MCW June 09 Meeting
Jun 23, 2009Public
Photo: The Silent Auction had some nice walnut logs from guest Glenn Ashlely. Thanks Glenn!
Photo: And here's Glenn Ashley himself.
Photo: Elliot Schantz will be managing our purchasing of logo-branded clothing.
Photo: Jerry Kaplan is turning banksia pods -- a lidded box and a candle stick.
Photo: Gary Guenther turned his first hollow form, a small southwestern pot, with the help of an outrigger-aided angled 1/2" hollowing tool made by C.A. Savoy. (photo by Richard Webster)
Photo: Gary Guenther with the little cherry bowl that would have been curls without the use of the Sorby Slicer. (photo by Bob Browning)
Photo: Encouraged by Barbara Dill's recent multi-axis demo, Stuart Glickman utilized multiple axes to create this offset "stacked" bowl.
Photo: Tim Aley was busy this month. Here he is with an interesting little magnolia form.
Photo: Tim Aley with a nice magnolia bowl...
Photo: ...and a larger cherry bowl.
Photo: Tim also made this little pot from box elder.  Don and David look on.  [09.06]
Photo: Stan Sherman doesn't only turn segmented pieces. Here he is with a cherry bowl...
Photo: ...and Stan again with a good-looking walnut bowl.
Photo: Richard Webster made a large, natural-edge cherry bowl with a beautifully flowing rim, the bark removed.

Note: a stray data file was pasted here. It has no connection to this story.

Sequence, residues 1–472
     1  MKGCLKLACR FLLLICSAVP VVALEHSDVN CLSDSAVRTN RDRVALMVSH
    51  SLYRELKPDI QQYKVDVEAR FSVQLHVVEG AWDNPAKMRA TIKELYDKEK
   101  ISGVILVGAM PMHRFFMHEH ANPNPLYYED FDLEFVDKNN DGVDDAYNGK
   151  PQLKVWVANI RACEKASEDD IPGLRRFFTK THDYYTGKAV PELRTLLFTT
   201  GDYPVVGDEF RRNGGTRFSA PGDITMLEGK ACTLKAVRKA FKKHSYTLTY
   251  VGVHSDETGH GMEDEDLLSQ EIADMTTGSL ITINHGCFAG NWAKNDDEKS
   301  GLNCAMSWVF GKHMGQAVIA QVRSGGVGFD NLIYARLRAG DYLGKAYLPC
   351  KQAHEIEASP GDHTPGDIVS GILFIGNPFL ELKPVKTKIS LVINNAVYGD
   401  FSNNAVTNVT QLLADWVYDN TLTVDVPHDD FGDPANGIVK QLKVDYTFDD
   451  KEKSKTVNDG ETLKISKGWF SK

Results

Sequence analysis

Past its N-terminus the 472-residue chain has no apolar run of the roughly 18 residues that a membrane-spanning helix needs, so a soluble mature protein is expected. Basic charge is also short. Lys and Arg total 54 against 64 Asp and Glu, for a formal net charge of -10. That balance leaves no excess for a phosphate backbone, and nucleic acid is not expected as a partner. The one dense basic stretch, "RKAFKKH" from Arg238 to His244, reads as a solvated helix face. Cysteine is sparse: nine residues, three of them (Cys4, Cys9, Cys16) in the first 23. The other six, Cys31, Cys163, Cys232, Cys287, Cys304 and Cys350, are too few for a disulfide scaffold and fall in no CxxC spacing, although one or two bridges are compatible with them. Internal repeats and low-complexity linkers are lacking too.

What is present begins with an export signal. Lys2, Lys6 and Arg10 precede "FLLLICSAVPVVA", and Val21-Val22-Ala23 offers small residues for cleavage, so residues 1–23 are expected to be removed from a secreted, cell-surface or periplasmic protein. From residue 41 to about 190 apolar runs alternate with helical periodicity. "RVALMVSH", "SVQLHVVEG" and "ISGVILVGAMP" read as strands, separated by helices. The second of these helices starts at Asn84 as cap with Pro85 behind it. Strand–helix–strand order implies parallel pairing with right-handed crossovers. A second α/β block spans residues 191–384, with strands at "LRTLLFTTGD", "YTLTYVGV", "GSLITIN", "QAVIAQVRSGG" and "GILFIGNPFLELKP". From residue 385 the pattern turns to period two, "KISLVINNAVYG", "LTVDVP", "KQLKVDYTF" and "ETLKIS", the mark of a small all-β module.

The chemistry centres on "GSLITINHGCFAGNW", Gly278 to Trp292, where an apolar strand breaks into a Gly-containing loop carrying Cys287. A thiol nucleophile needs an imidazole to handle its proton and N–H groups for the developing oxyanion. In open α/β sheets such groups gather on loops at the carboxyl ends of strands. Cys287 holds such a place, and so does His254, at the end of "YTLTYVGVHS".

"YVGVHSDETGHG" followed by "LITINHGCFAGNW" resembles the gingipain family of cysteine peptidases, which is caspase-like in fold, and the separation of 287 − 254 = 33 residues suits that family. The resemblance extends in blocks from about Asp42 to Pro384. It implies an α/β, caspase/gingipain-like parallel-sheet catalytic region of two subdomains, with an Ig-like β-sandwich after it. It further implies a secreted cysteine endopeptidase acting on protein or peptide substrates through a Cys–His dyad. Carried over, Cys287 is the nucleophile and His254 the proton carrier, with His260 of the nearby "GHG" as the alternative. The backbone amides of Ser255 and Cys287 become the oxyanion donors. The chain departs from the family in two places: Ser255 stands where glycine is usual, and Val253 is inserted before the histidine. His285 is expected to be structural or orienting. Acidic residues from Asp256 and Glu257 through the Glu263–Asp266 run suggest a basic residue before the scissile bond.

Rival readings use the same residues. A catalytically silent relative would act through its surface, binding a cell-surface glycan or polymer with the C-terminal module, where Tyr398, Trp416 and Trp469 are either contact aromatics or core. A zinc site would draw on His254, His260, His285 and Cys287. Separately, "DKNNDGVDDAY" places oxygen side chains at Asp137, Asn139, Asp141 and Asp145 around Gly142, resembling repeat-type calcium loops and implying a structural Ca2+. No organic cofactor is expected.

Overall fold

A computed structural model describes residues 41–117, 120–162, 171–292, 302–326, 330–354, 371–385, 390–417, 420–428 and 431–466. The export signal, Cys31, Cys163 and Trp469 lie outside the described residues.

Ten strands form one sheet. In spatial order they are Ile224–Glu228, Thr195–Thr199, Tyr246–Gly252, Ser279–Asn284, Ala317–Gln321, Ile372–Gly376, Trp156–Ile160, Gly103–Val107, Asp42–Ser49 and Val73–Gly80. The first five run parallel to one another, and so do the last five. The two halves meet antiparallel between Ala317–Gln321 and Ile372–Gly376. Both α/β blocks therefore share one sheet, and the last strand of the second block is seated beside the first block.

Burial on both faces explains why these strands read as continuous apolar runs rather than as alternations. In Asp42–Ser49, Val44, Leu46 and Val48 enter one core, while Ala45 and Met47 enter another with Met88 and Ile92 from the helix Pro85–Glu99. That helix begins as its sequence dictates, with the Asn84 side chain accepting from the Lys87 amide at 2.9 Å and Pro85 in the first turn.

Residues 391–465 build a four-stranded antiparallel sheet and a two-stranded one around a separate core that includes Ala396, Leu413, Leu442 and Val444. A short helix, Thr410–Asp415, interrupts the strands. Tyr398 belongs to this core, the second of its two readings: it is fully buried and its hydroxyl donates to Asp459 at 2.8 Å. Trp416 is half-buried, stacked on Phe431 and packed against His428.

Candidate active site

Photo: Elliot Schantz was trying to make a very thin bowl for a gift, but this first one ended up a little too thin. (photo by Tim Aley)
Photo: Oops, the next one ended up as a funnel. Maybe it will have another life with an insert.
Photo: Here's that gift that Elliot was trying to make -- a beautiful spalted cherry bowl.
Photo: Elliot gave this fine rosewood bowl as a gift, but it saw some unfortunate rough use. Elliot patiently worked with water and pressure to bring it back to shape and to renewed life.
Photo: Bob Browning made a movable magnetic mount for his dust collector hose based on a tip in American Woodturner (Summer 2009, Vol.24, #2)
Photo: Tonight's demo will be making a peppermill. Here are a few of many made by Ed Karch recently. These are the traditional models with the adjustment at the top. One can also buy another type called the Crush Grind. Same basic idea, but they adjust from the bottom so there is no knob on top.
Photo: Ed was kind enough to donate some laminated blanks for members to purchase, with the proceeds going into the Club treasury. Thanks Ed.
Photo: Members pay rapt attention to Ed Karch as he describes the details of making pepper mills.
(photo by Stuart Glickman)
Photo: Ed Karch begain the demo by discussing and showing what he's going to accomplish.
Photo: Here's a sweet shape that Ed really likes.